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Figure 5. Trajectory of the Felicidads position.

These movements can schematically be represented in the figure below (Figure 5). The horizontal line, from left to right, represents the flow of the text. The vertical lines represent the level of semiotic distancing: the line below represents embodied experience, the top line represents hypergeneralised affective sign fields (such as BAD) (Valsiner, 2007; also see Valsiners analysis above). The line moving up and down represents the location of the narrators position; the brusque alteration of that line can be linked to the narrators use of specific semiotic mediators. This analysis reveals the role of semiotic operators like you should, and but which can bring a confrontation of perspectives and therefore distancing. However they are a surface manifestation of deeper imaginary experiences it is after imagining radical alienation that the narrator can take distance manifested by a but. The analysis also shows the narrators use of symbolic resources taken from a religious system God, the Devil, which, when triggered, bring along rich semantic fields, which in turn are diffracted at various levels of semiotic mediation. The main function of these semiotic resources here is to open imaginary spaces, in which the person can explore alternative positions or views. Hence, it can be said that the trajectory of the narrator is shaped by a series of experiences in imaginary spaces, enabled or expressed by semiotic resources which reroute the flow of consciousness.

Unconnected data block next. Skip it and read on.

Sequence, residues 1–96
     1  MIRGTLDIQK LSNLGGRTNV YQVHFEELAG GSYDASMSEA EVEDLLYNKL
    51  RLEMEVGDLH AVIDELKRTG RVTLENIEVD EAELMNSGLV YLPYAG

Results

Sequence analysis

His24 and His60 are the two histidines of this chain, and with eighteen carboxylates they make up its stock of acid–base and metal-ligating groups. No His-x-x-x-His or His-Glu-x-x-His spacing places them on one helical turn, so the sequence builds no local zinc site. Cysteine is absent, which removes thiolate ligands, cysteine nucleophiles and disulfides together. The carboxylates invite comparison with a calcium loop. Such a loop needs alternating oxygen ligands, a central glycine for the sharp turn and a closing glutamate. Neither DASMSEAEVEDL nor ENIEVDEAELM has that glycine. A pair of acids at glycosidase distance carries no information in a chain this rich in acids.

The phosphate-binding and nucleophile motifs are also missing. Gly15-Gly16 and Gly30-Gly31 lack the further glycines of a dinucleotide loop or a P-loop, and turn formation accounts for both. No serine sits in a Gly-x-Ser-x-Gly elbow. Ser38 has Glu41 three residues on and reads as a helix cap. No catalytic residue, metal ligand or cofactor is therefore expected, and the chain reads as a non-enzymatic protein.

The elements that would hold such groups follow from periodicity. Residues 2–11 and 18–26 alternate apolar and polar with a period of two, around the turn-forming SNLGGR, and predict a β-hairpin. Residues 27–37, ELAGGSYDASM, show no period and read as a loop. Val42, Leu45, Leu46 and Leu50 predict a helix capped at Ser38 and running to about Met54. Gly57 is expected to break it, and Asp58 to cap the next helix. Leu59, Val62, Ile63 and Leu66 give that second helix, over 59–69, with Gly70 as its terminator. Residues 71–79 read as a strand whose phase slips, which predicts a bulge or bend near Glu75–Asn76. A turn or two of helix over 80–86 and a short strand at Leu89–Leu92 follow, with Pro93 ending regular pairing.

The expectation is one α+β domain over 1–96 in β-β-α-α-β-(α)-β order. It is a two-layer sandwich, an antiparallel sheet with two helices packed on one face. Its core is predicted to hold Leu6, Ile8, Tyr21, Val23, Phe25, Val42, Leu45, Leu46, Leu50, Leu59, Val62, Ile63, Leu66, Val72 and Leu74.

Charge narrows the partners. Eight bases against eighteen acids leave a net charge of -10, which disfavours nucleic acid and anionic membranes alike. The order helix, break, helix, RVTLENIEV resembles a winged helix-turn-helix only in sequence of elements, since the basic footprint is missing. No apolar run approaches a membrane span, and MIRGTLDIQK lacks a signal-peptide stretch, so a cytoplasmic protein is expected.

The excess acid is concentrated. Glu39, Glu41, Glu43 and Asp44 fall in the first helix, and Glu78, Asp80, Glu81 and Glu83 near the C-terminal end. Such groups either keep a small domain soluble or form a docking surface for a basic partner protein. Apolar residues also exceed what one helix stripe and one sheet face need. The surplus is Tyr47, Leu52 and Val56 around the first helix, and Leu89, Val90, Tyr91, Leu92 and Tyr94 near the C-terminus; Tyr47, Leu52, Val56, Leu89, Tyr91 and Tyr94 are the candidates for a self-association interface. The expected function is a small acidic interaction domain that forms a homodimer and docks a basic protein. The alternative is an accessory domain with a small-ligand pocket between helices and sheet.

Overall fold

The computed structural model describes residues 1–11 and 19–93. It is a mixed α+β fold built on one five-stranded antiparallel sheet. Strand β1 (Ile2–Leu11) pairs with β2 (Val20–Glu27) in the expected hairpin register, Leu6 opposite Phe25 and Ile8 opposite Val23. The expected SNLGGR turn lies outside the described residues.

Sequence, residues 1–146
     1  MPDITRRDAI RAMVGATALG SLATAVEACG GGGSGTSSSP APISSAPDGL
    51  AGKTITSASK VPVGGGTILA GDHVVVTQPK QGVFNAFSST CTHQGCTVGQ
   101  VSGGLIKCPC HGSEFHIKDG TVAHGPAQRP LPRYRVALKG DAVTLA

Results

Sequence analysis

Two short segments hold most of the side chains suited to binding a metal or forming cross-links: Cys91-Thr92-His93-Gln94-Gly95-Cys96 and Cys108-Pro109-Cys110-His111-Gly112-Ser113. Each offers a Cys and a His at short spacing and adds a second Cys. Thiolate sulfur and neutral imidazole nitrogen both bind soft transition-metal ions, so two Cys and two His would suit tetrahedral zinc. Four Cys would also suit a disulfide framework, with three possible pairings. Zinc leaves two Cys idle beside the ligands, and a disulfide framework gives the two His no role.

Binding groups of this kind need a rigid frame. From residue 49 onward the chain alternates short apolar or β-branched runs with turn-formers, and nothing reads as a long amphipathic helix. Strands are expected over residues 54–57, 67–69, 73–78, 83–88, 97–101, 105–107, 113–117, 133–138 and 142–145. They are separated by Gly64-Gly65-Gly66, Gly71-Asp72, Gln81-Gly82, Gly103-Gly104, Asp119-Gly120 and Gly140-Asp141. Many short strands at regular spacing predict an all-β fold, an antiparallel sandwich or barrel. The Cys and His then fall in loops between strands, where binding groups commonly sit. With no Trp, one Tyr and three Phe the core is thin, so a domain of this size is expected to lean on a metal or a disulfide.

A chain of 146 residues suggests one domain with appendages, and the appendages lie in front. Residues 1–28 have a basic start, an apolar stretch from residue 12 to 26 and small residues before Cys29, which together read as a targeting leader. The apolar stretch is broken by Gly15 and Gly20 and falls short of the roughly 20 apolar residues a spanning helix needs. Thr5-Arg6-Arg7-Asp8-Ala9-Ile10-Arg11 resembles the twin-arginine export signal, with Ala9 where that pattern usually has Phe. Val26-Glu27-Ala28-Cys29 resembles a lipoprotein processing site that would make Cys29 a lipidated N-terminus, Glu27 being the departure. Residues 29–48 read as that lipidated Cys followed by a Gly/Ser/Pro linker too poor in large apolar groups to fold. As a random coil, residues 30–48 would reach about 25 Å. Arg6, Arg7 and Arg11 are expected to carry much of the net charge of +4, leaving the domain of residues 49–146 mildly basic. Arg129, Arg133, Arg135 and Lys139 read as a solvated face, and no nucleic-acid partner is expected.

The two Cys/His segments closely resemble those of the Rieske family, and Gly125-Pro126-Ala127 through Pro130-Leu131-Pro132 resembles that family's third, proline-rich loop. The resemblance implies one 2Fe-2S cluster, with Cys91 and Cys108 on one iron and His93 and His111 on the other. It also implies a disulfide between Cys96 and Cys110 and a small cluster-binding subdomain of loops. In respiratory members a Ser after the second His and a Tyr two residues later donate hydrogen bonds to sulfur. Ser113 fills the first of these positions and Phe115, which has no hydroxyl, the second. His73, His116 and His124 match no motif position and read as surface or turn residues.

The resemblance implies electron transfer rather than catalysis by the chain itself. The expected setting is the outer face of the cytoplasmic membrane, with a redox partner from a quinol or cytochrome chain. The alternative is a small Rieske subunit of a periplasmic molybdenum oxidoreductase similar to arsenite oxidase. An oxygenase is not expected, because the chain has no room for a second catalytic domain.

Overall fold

SALGADO: POSITIONING MICROANALYSIS


This analysis is based on a new procedure called positioning microanalysis (Salgado & Cunha, 2010), which represents an attempt to build a research strategy coherent with the general principles of a dialogical perspective. It is far beyond the scope of this section to present our theoretical options and guidelines (see Markov, 2003; Leiman, 2002; Linell, 2009; Salgado & Gonalves, 2007; Valsiner, 2007). Here I will simply say that meaning-